A Lullaby For Pain
Listening to the radio this morning there was an item about whether the sound of a lullaby can actually take away a child’s pain.
A study at London’s Great Ormond Street Hospital has showed that playing music to children waiting for heart transplants can actually reduce pain, slow heart rates and improve moods.
The BBC report included the following explanation:
One of the study’s authors, David Hargreaves, of Roehampton University, is a jazz pianist as well as professor of music psychology.
As he sits playing a jazz interpretation of My Funny Valentine, he says the piece calms him down and makes him happy.
He says that kind of connection with music is shared even by young children: “Lullabies are something that children are familiar with. They’re intended by parents to be used with their children to create relaxation and remove tension.”
It’s the kind of thing that intuitively makes sense but now researchers have some hard facts to back up the idea. (For the full BBC report, go here – apparently lullabies date back to Babylonian times).
Listening to the report, my mind went off on a bit of a tangent (as it’s prone to do) and I wondered if that ‘dealing with pain’ is another of the (many) reasons why teenagers spend so long listening to music.
Growing up can be traumatic and I certainly spent many, many, many hours shut away listing to ‘my’ music. I wasn’t in physical pain but angst and emotional confusion also need treatment and music played a big role in mine.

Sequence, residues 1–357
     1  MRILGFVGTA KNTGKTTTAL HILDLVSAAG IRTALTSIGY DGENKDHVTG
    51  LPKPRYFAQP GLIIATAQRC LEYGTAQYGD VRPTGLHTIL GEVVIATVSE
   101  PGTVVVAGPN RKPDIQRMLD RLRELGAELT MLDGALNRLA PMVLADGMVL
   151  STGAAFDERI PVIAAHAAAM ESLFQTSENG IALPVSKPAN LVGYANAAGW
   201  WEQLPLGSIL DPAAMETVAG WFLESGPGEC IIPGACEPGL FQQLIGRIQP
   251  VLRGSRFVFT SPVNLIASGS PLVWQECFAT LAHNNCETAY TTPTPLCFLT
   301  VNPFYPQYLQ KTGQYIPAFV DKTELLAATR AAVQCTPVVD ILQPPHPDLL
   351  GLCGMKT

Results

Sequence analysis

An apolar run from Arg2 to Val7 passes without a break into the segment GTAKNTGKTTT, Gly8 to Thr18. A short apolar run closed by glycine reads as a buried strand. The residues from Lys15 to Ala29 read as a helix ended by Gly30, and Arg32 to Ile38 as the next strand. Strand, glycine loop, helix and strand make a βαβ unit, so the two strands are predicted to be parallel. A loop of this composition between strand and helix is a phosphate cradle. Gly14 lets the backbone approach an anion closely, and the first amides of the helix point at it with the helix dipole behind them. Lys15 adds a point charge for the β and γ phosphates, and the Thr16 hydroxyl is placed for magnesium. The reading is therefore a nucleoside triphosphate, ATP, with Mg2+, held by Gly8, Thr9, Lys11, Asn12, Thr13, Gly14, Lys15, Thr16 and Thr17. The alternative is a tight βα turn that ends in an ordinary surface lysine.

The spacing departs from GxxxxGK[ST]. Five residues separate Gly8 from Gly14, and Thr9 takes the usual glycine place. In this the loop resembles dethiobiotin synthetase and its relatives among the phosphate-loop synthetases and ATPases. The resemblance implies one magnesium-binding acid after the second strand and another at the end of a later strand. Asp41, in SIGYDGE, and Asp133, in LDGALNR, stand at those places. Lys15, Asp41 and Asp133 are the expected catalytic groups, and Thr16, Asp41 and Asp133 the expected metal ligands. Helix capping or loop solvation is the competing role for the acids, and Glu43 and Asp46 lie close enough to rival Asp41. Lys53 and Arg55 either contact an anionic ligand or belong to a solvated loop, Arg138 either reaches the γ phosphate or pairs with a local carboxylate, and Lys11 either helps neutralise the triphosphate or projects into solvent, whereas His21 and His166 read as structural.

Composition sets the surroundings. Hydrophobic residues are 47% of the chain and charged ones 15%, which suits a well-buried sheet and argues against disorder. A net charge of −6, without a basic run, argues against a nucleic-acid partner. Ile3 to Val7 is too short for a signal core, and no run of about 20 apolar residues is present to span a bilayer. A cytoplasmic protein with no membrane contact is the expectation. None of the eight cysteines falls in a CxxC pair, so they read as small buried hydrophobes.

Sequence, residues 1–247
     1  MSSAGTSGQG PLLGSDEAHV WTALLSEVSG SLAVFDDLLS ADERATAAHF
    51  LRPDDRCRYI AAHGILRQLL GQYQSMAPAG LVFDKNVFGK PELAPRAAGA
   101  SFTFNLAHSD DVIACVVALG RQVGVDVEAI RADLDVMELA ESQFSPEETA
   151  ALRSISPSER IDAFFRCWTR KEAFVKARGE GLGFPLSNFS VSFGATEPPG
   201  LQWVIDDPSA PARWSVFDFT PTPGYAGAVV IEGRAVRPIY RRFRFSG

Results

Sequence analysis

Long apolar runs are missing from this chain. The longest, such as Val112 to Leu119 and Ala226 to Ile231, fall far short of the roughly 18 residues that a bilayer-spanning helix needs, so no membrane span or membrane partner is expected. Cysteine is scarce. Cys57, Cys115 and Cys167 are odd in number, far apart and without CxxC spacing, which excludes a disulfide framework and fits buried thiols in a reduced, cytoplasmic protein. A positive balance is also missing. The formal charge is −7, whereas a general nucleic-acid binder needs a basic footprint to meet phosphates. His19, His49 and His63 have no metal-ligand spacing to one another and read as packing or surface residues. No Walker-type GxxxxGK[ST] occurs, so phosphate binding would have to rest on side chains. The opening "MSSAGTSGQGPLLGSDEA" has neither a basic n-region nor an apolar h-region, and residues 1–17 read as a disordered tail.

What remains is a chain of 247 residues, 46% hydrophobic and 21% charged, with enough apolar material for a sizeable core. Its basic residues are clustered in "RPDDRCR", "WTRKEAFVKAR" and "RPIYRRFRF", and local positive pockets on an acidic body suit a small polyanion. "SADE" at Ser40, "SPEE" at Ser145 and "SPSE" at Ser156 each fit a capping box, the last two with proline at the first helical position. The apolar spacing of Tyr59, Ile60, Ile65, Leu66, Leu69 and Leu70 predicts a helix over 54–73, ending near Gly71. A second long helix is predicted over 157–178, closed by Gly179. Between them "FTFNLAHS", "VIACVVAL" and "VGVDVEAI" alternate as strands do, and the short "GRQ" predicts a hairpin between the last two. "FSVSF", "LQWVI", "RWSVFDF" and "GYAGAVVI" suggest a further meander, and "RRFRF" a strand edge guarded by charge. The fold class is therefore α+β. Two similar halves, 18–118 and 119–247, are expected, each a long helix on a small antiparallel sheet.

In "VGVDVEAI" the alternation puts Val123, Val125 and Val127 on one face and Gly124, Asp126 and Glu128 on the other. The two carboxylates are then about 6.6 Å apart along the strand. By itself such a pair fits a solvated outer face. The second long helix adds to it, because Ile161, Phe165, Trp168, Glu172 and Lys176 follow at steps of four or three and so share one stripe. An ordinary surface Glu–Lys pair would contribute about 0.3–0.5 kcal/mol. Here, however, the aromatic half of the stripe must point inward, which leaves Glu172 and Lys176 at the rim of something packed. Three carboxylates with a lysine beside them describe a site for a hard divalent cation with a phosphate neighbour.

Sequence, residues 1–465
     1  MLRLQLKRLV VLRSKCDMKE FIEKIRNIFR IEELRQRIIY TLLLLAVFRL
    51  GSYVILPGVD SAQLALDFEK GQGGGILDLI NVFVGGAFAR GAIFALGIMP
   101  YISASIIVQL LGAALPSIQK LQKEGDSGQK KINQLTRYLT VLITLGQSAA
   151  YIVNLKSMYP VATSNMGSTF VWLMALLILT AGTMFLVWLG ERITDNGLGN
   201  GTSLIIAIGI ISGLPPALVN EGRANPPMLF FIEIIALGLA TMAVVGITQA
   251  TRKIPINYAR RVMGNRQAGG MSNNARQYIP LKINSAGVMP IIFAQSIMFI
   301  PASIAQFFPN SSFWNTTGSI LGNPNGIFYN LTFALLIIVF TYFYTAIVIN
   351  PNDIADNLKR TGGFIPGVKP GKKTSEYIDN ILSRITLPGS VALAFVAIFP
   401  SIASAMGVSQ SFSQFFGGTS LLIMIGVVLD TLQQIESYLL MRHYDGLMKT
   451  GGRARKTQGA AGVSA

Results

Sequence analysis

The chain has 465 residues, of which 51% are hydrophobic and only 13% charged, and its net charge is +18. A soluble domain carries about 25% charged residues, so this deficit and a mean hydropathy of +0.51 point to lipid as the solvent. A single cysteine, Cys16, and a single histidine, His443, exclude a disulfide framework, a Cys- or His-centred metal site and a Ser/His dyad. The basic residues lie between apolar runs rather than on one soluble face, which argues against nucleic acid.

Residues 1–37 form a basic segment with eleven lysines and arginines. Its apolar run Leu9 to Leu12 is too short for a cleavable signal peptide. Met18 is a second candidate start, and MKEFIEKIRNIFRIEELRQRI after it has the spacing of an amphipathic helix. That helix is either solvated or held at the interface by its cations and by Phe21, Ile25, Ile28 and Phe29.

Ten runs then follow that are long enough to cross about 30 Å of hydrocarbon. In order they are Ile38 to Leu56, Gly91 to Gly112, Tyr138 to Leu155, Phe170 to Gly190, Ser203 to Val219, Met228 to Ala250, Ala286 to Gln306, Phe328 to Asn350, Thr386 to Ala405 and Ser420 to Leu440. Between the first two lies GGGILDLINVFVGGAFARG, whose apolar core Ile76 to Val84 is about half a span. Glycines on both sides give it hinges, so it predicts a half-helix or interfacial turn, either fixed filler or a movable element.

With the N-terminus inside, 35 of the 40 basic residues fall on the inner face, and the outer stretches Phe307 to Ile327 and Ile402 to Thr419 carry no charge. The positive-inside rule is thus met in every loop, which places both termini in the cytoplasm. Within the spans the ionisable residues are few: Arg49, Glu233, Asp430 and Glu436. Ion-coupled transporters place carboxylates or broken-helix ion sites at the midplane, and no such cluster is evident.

Music certainly affects mood. I used to love listening to dark, tormented tunes when I was feeling low – knowing other people felt the same way helped me deal my own emotions. Equally, there are some tunes that just make me feel good the moment I hear the first notes.
Though I do get a little bit annoyed by all the radio stations who play Perfect Day and Walk On The Wild Side – okay they were his biggest commercial hits but to my mind they’re not the important songs.
This is Reed and David Bowie performing the Velvet Underground’s White Light, White Heat – important to note that although Bowie went on to become (and remain) the global mega-star, in the beginning it was Reed that influenced Bowie:
If you want something a bit closer to the knuckle, here’s I Wanna Be Black from 1978. Recorded in Cleveland, there aren’t many people who could get away with these lyrics:
I love most of Lou Reed’s work but one of my favourite albums – and one that I was lucky enough to see him perform – remains Magic & Loss. This is Sword Of Damocles: